It’s almost like clockwork. Right at the beginning of January here in Anchorage, we often get days of ice fog and very cold nights, which leaves a thick layer of hoar frost on all the trees. It’s a beautiful sight; so surreal. My friend refers to this time as Anchorage being in “full bloom.”
One one particular day two years ago, January 4th to be exact, I was exploring the local trails on my snow bike. The air was a brisk zero-ish degrees, and on this clear afternoon, the light was low and bright as it cast its warm glow upon the thick winter landscape.
As my good fortune would have it, I popped out into a clearing just past 4:30pm, just as the light was about to hit its peak. Hopping off my bike, I pulled my X-T2 out of my camera pack and shot a few photos of the pink, orange light that was kissing the treetops.
The image above was shot that day, as was this image below, which I love so much, that I included it as one of the featured examples in my brand new eBook, Behind The Landscape.
Later that week, I wrote a blog post called You Never Know What Kind of Magical Light Will Befall You, which celebrated this kind of incredible and often fleeting rendezvous we occasionally have with amazing light when we’re out in the world.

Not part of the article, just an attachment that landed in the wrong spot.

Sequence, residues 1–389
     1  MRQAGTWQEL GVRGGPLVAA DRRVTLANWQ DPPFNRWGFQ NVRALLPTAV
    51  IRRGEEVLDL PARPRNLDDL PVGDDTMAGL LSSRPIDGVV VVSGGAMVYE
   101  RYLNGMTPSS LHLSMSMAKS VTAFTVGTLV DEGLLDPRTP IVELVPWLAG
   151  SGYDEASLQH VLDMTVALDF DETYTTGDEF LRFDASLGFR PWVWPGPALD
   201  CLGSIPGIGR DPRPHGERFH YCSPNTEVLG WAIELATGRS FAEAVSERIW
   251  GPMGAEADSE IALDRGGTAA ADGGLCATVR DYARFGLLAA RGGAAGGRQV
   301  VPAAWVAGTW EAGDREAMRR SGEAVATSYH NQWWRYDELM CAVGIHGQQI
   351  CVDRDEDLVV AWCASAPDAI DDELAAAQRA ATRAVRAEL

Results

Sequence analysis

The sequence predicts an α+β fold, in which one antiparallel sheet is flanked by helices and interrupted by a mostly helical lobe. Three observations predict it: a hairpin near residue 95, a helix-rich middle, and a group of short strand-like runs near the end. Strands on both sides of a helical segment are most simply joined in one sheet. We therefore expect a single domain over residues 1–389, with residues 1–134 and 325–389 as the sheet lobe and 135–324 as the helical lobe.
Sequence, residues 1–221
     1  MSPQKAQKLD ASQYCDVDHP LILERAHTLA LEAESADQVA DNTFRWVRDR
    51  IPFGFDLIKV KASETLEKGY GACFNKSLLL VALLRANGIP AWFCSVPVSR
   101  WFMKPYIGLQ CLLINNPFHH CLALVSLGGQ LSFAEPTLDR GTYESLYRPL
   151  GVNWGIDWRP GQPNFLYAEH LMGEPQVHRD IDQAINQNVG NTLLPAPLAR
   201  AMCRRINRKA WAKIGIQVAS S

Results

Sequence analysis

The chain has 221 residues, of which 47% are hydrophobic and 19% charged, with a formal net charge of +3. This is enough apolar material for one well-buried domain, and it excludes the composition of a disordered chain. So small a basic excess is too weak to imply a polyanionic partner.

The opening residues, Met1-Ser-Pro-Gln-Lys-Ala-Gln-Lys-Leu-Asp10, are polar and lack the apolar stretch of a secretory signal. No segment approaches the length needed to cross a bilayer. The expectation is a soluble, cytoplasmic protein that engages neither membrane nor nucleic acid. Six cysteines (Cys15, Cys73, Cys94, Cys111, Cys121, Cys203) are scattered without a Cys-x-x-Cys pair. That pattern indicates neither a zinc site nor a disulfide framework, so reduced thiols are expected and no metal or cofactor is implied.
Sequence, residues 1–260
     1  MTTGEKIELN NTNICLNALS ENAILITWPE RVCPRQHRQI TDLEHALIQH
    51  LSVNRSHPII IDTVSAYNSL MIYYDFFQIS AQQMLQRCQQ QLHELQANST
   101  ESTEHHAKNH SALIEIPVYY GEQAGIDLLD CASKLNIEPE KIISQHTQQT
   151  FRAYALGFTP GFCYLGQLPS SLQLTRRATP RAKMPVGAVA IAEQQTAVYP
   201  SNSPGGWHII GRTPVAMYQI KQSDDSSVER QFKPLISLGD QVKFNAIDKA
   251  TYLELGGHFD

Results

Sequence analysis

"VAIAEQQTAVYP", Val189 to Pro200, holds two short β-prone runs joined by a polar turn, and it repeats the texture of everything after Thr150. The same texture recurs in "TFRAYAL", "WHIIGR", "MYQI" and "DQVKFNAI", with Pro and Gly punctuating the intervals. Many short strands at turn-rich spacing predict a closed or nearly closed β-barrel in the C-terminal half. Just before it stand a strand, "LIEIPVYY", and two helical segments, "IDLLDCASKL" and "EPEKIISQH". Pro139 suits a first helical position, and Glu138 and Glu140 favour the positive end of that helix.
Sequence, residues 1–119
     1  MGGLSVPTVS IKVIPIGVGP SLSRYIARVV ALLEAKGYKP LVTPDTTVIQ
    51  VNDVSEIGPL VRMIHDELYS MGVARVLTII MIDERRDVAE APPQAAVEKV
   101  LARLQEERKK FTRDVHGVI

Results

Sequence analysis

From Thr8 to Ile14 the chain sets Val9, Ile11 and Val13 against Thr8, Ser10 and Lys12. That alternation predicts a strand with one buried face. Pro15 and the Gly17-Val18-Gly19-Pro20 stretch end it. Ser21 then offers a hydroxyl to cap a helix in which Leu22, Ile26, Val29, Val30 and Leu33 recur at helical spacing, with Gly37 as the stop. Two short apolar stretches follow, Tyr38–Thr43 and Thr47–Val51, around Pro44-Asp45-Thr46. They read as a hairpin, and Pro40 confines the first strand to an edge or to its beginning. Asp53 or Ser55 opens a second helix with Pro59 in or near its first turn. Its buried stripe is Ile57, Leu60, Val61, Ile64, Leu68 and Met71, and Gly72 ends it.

Fast forward to this past Saturday
January 5, to be exact. I was out exploring the trails on my snow bike under a fresh blanket of hoar frost that had built up the night before. The ice fog hung heavy over Anchorage, so I hadn’t stopped to take any photos during my ride.
However, as luck, serendipity, good fortune, happenstance, or by some happy coincidence would have it, I found myself approaching the very same clearing in the woods just after 4:30pm.
As it often happens, the fog had begun to lift just before sunset, and I suddenly caught sight of a flurry of pink treetops through the forest above me.
I smiled to myself as I crossed that very same bridge across the creek and found myself in the very same place, during the very same time, just one day away from the very same date when I captured those photos two years ago.
Hopping off my bike, I grabbed my camera, the X-T3 this time and spent a few minutes tromping through the snow capturing photos of the magical light before it faded. I only had a single lens with me, my XF35mm f/2, so I wasn’t able to shoot the exact same vantage points and compositions, but I did recognize the scenery, including that notable tree that earned a place in my eBook.
What are the chances? Have you ever experienced this kind of event when magical light repeats itself?